Some of the oldest roadside walls in Lancashire could be set for their first significant repairs in centuries, if a bid for government cash is successful.
The so-called ‘retaining walls’ were typically built in the 1700s during the industrial revolution and have undergone only minor maintenance since they were erected.
But papers presented to Lancashire County Council’s cabinet reveal that the structures are now showing “signs of severe deterioration and possible failure”.
Members have approved plans to apply for £3.2m from the government’s Local Highways Maintenance Challenge Fund, with County Hall set to contribute a further £792,000 towards the cost of the work.
The money would be used to repair walls over three metres in height and the majority of those set to benefit are located in Pennine Lancashire, where the structures often run alongside water courses. If the cash comes Lancashire’s way, a list of priority repairs would be drawn up, based on a combination of a wall’s condition and its potential impact on the highway network.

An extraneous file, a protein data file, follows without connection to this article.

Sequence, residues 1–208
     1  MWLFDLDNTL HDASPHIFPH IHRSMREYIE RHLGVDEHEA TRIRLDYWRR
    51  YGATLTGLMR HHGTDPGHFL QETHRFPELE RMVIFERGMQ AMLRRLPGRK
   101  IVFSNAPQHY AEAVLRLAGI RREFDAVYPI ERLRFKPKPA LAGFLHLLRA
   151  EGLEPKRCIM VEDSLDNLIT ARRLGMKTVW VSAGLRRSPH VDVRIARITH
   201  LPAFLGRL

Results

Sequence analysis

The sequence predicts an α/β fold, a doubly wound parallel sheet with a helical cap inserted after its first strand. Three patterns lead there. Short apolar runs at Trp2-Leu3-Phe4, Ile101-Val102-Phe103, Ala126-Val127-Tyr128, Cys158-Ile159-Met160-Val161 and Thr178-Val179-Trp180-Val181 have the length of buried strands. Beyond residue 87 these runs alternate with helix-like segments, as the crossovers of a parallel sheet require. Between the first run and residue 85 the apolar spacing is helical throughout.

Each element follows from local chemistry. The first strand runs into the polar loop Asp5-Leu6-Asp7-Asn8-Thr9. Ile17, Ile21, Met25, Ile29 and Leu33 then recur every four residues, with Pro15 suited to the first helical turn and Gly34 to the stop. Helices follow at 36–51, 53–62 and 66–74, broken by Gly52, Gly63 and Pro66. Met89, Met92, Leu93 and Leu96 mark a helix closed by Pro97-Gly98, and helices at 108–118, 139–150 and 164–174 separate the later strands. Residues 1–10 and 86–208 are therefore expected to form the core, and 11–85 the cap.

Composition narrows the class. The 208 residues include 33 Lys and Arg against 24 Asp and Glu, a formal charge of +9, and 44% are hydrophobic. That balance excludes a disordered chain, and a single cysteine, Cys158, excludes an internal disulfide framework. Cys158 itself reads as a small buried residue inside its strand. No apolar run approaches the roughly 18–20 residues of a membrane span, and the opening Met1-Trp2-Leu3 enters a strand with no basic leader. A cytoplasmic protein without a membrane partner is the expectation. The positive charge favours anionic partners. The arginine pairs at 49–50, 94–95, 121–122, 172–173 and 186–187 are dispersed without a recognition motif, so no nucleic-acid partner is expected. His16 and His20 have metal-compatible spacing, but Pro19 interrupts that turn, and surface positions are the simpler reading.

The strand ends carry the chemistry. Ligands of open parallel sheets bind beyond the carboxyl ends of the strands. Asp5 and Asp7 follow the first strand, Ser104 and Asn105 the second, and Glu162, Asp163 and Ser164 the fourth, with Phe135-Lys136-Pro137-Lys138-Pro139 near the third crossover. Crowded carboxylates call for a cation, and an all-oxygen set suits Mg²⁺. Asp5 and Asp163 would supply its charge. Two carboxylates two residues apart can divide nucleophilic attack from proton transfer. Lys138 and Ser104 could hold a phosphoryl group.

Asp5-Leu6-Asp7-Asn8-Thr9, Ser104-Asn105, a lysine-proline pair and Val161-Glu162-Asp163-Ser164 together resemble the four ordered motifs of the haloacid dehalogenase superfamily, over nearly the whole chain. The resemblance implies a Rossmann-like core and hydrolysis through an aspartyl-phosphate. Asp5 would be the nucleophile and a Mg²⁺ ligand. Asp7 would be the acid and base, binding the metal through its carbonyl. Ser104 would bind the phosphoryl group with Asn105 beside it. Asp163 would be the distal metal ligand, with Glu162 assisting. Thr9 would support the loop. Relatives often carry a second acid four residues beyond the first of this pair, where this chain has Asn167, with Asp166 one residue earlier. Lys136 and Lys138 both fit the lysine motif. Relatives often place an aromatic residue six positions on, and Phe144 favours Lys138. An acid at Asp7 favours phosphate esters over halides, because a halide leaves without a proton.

Deputy leader of the Labour opposition group, County Cllr John Fillis, welcomed the bid for funding, but queried whether the authority would be able to carry out the repairs even if it were successful.
“My concern is that these walls are dry stone with a bit of mortar in – have we got the skill base to deal with this type of structure?” he asked.
Cabinet member for highways, Keith Iddon, said that his department had the necessary “expertise”.
“I was out with our stone-walling crew recently and they make an excellent job [of it].”
The cabinet was told that it had historically been difficult to fund work on the walls because of a focus on preventative maintenance projects on other parts of the road network.
The authority will learn whether its bid has been selected by the end of the year.